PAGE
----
Similarly, if your business is in a delicate cash-flow position, pursuing a growth strategy based on acquisitions or large-scale investments may be your downfall. That same strategy could benefit a company with ample access to capital and a track record of solid growth facing a tight window to secure a leadership position in a new market.


Your company's evaluation should attentively consider your team's feedback. Are your people feeling exhausted or invigorated to give just as much, or more, in the year ahead? Never forget that every future achievement must come from your team's energy and commitment.


4. Assess how the business environment may change


The past is a valuable reference, but it's never a good predictor of the future. As you look to 2023, consider what new risks your company faces that weren't as critical a year ago — AND think about how those might play out. As I look back at 2019, I wonder what percentage of business leaders considered a pandemic a possible risk for 2020. Yet, many studies and documentaries from that year indicated that a crippling pandemic would impact the world before 2025.


The rapidly changing business environment may greatly favor specific industries over others. For instance, consider the boom of the cryptocurrency industry in 2020 and 2021 and the bust this year. Even in a troubled sector, surviving excruciating times opens the door for low-cost acquisitions if you have ample access to capital. And companies developing or employing new technologies have significant room for fast growth, as is the case with the metaverse and blockchain transactions. All this is to say: Take the month of August to recharge, reflect, dream, and look beyond as you identify your most significant opportunities for the year ahead.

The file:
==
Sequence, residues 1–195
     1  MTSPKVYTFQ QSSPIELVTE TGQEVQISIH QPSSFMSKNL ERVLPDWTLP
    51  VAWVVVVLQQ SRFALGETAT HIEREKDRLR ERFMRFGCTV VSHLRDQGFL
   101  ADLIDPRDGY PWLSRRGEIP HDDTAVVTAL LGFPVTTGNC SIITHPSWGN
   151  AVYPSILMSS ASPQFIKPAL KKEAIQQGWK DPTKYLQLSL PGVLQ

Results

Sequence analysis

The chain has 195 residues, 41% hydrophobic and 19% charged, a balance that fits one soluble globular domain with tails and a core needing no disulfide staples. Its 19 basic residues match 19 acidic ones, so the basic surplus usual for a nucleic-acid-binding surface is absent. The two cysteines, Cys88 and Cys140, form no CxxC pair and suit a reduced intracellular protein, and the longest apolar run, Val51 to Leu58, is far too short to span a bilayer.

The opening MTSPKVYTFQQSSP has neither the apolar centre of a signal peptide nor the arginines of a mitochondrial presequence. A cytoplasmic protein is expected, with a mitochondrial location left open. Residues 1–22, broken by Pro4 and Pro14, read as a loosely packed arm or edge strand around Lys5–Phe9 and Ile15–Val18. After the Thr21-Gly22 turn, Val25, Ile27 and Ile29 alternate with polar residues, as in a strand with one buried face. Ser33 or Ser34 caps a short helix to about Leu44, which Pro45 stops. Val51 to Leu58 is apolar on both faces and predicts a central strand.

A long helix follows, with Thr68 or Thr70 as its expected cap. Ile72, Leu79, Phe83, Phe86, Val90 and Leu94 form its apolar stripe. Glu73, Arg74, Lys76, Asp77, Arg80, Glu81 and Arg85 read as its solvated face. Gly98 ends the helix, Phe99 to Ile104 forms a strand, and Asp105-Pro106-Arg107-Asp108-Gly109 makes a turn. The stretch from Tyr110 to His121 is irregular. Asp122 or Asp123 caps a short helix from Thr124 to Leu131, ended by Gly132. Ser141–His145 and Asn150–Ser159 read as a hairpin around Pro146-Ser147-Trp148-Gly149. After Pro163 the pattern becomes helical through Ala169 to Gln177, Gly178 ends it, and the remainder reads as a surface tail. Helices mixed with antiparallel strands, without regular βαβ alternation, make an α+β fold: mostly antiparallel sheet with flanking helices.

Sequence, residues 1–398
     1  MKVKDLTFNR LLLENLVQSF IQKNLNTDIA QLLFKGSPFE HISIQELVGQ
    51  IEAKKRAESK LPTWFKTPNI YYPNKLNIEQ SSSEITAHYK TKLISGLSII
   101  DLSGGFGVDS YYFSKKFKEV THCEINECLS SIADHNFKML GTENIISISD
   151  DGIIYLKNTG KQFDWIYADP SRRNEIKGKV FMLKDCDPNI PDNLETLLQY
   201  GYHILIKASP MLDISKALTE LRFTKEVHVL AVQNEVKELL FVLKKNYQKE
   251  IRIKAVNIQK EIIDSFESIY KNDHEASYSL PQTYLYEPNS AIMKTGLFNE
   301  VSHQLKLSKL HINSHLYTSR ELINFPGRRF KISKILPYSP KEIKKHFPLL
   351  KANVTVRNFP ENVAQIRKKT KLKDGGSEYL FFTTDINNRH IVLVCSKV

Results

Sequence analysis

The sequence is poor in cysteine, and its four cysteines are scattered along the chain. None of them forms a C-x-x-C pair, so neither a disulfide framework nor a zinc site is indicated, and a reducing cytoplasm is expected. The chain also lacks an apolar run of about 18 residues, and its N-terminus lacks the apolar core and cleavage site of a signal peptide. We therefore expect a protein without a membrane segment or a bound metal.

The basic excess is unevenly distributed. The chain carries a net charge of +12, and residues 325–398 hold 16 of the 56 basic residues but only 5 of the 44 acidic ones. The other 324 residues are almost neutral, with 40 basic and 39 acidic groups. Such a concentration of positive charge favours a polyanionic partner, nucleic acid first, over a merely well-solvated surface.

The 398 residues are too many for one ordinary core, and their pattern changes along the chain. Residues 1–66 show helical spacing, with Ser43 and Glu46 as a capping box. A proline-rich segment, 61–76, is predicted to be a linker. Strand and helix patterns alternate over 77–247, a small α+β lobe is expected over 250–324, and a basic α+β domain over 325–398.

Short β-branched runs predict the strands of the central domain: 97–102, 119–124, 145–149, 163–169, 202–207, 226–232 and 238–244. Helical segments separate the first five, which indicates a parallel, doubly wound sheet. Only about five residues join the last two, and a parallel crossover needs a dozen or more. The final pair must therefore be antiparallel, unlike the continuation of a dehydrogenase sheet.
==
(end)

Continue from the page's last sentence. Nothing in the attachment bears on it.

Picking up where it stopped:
Governmental programs often precipitate the growth and downfall of industries. The recent passing of the August 7 bill by the US Senate to approve a $750 billion package, if backed by the House of Representatives and the US president, would significantly accelerate the growth of eco-friendly investments and the downfall of the fossil-fuel industry and its ecosystem. Similarly, the deepening of tensions between the US and its greatest geopolitical rivals during 2022 is unlikely to be reversed soon, accelerating the growth of the cybersecurity industry and the myriad providers of modern hardware, software, and technical services to bring about greater cyber-resilience to businesses.


When CEOs become so engulfed by the day-to-day operation of their businesses that they fail to think outside the box, or beyond the boardroom, their companies become susceptible to doomsday scenarios. To know where to point the sail, you need to study which way the wind is blowing and how the wind patterns are shifting. Identifying trusted sources with different perspectives on how the world is changing for business will better prepare you to identify growth opportunities and mitigate rising risks.


5. Gain perspectives from your trusted advisors


Almost every story about the decline of a once-great country or company emphasizes the leader's responsibility for falling victim to hubris. When CEOs stop listening to trusted advisors — who provide an invaluable perspective on the company's performance and changes in the business environment — they're bound to see only a fraction of what's happened or is likely to happen. Therefore, blind spots often rooted in ego may limit their big and bold plan.


Trusted advisors with diverse perspectives are essential as you navigate the preamble to your planning season. At a minimum, listen closely to members of your Board of Directors and Advisory Board, members of your C-suite, and trusted CEO peers from other industries. If possible, read about what leading economists and political analysts, international relations experts, public-health thought leaders, and tech and innovation gurus are saying about the business environment for the years ahead.


Conclusion


Use these five disciplines as you take a deep breath and seize the month of August to reflect and look ahead to annual planning:


1. Dream a little (or a lot)


2. Review your three-year vivid vision


3. Evaluate your company's performance


4. Assess how the business environment may change


5. Gain perspectives from your trusted advisors